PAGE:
Science of Sound7 October 2016
Since this spring Ines Lopez Arteaga has been the first female professor in the history of the TU/e Department of Mechanical Engineering. The Spanish lady is a sound expert with a mission: the world must get rid of noise nuisance. For this purpose she is prepared to look beyond the limits of her own field of expertise.
Ines Lopez Arteaga has dealt with many highly varied projects in her scientific career - from machinery that breaks up through its own vibrations to screeching train wheels, silent driver’s cabs in trucks and optimum macadam for motorways. Yet they clearly all have one thing in common: mechanical vibrations and the noise nuisance accompanying it. And this subject concerns everybody, she thinks. After all, noise nuisance can cause heart complaints, high blood pressure, and learning problems. “Expectations are that noise nuisance will in 2020 cause more lost healthy life years than any other form of environmental nuisance; even more than air pollution.”
After having obtained her PhD Lopez came to the Netherlands for a project involving DAF Trucks, in 2001. There she conducted research in which sound sources are made ‘visible’ by means of several microphones - TU/e also started with this during that same period. In 2009 this resulted in the spin-off Sorama, which develops sophisticated 3D sound cameras with thousands of microphones. Rick Scholte, who founded Sorama, was Lopez’s first doctoral candidate and Lopez is affiliated with this company as technical adviser.
Above 40 km per hour wheels make more noise than the engine
When one thinks of noise nuisance, traffic is usually the first thing that comes to mind. It can be no surprise, then, that the Spanish professor has been focusing for many years on the noise made by car wheels on various types of road surface. “When a tire rolls across a rough surface, it begins to vibrate”, Lopez explains. Those vibrations are transferred to the air and, given the right frequencies, this produces an audible sound. “The annoying factor here is that the space between the front of the wheel and the road functions like a kind of horn which amplifies the sound up to as many as twenty decibels.” That effect subsequently leads to the wheels producing more sound on macadam than the car engines at speeds above around forty kilometers per hour. “Only above a speed of 120 to 130 km/h do the air vortices around the contours of the car produce even more noise.”
Lopez is also professor at the KTH in Stockholm, where she has a new experimental setup that enables her to measure on the longitudinal scale of the tire profile how the frictional forces vary with different kinds of road surface. “Those may be small effects, but rolling resistance is the chief form of friction for cars up to some 90 km/h. If you can design the road surface in such a way that the rolling resistance is just a bit lower, and you multiply that by the many millions of cars, this will have a serious impact on the environment.”
As far as noise nuisance is concerned, there is a lot to be gained by cooperating with other disciplines, says Lopez. “That is why I am working together with Maarten Hornikx from Building Acoustics, Berry Eggen from Industrial Design and Armin Kohlrausch from Human-Technology Interaction. Jointly we also deliver the series of lectures entitled Science of Sound and Music. I find it important to bridge the hard technical side of acoustics and the soft, human side. My ambition is to link sound as people experience it with the mathematical models, so that we can design machines that make a better sound, rather than just less noise. You can even fantasize about hospitals where the ambient noise contributes to the healing process. Surely that would be fantastic?”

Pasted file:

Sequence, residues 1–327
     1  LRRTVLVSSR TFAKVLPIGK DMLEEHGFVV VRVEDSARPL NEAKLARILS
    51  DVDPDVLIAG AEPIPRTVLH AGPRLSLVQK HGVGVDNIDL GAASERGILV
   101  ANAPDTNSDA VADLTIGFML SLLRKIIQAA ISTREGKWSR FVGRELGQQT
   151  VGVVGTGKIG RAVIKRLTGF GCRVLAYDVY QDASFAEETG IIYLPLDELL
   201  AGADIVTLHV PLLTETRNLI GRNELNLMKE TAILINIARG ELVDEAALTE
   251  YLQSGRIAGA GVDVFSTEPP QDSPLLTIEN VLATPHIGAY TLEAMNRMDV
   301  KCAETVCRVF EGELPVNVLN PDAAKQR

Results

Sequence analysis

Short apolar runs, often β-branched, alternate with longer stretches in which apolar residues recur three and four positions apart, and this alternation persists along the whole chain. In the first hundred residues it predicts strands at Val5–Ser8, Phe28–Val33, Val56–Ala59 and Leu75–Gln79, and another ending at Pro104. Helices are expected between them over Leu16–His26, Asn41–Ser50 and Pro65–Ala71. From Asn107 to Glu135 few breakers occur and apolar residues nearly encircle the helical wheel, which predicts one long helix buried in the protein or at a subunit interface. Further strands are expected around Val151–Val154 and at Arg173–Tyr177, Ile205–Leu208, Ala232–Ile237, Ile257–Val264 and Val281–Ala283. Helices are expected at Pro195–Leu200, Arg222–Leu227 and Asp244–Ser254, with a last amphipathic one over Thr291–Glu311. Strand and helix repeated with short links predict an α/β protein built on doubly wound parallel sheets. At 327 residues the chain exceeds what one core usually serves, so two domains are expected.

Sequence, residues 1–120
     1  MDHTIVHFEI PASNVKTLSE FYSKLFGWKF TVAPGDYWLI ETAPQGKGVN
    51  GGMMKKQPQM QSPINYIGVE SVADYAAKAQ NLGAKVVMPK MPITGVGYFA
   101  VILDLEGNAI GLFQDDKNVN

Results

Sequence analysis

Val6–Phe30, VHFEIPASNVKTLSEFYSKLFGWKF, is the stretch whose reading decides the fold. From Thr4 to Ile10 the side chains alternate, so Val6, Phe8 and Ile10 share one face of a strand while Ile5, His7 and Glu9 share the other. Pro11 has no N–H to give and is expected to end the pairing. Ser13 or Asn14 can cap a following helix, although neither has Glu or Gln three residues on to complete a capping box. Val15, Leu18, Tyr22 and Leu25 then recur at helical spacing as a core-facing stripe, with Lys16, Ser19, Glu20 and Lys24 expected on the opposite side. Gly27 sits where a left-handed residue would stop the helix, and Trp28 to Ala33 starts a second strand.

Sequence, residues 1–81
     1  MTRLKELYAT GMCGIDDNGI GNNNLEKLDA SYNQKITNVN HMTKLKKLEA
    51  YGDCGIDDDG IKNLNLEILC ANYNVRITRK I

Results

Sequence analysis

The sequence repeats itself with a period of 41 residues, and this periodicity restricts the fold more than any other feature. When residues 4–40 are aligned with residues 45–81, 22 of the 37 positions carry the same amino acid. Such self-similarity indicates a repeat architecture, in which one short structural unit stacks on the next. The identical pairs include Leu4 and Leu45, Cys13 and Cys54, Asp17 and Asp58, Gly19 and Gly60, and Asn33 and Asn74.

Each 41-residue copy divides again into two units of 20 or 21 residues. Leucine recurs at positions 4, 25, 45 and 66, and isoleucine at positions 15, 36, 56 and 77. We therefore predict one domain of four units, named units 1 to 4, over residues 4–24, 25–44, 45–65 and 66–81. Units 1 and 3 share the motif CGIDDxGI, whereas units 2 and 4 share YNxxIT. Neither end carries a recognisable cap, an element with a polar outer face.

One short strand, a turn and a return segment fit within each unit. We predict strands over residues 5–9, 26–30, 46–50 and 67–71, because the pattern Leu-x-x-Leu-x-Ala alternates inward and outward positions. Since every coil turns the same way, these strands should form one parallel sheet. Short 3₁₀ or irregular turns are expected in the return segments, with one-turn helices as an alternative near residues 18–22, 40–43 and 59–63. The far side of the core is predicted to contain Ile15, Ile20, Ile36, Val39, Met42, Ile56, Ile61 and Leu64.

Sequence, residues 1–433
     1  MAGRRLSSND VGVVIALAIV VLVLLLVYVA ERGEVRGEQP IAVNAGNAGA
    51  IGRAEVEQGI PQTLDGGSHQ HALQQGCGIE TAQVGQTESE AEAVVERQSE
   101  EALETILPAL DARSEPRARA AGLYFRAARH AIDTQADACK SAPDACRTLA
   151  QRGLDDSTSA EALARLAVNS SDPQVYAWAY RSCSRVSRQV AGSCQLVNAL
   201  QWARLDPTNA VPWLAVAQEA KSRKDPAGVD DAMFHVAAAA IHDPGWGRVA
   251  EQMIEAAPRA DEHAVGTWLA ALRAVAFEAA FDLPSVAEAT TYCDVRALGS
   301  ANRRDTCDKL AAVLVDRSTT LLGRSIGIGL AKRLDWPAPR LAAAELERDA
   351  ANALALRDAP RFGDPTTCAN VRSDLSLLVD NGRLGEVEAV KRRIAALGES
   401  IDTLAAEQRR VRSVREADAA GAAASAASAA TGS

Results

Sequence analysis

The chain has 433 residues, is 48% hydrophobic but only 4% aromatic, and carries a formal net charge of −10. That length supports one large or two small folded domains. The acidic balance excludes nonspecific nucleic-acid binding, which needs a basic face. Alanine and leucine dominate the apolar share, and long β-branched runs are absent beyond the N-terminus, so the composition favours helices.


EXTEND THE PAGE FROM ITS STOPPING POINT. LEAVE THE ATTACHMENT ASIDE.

Purple rain will fall tomorrow, on Purple Friday, from the TU/e chimney stack, so that everyone can see that the university recognizes and celebrates diversity in sexual orientation. But as President of the Executive Board Jan Mengelers emphasizes: “Our support is more than symbolic.” University secretary Nicole Ummelen is calling on the LGBTU/e community: “Please be our role models - and let us know if there are matters we can facilitate.”
The Department of the Built Environment has been in existence for fifty years. Yesterday evening this milestone was celebrated in grand style with a festive dinner at Plaza Vertigo attended by more than 350 people followed by a party. Speeches and performances enlivened the evening. Departmental Dean Elphi Nelissen made her speech during the eight-course meal. Live music was provided by Laura Eshuis and Eleven Dirty, while the Superstijl DJs worked the turntables.
Forget about Antwerp, London and Cologne. The only Christmas market worth its salt this year may well be right on your doorstep. It will have everything - from a hearty hotpot and a cup of steaming mulled wine to live Christmas music and the new tradition of firing a Christmas tree from a cannon - and will be right here in MetaForum's market hall from December 11 through 21.
The first TU/e Christmas market could hardly have got off to a more Christmassy start on Monday, in a 'market hall' surrounded by a thick blanket of snow. The firing of Christmas trees from a cannon, the promised opening activity, unfortunately suffered some initial delay - but for anyone who missed it, there was another chance to see it on Tuesday afternoon.
In 2018 the students of TU/e will be represented on the University Council by three parties. The provisional results indicate that newcomer DAS Eindhoven will have two seats, Groep-één remains the largest presence with four seats, and the Eindhoven Student Council (ESR) takes three. For the first time in years, staff faction PUR includes a professor; Anton Darhuber of Applied Physics.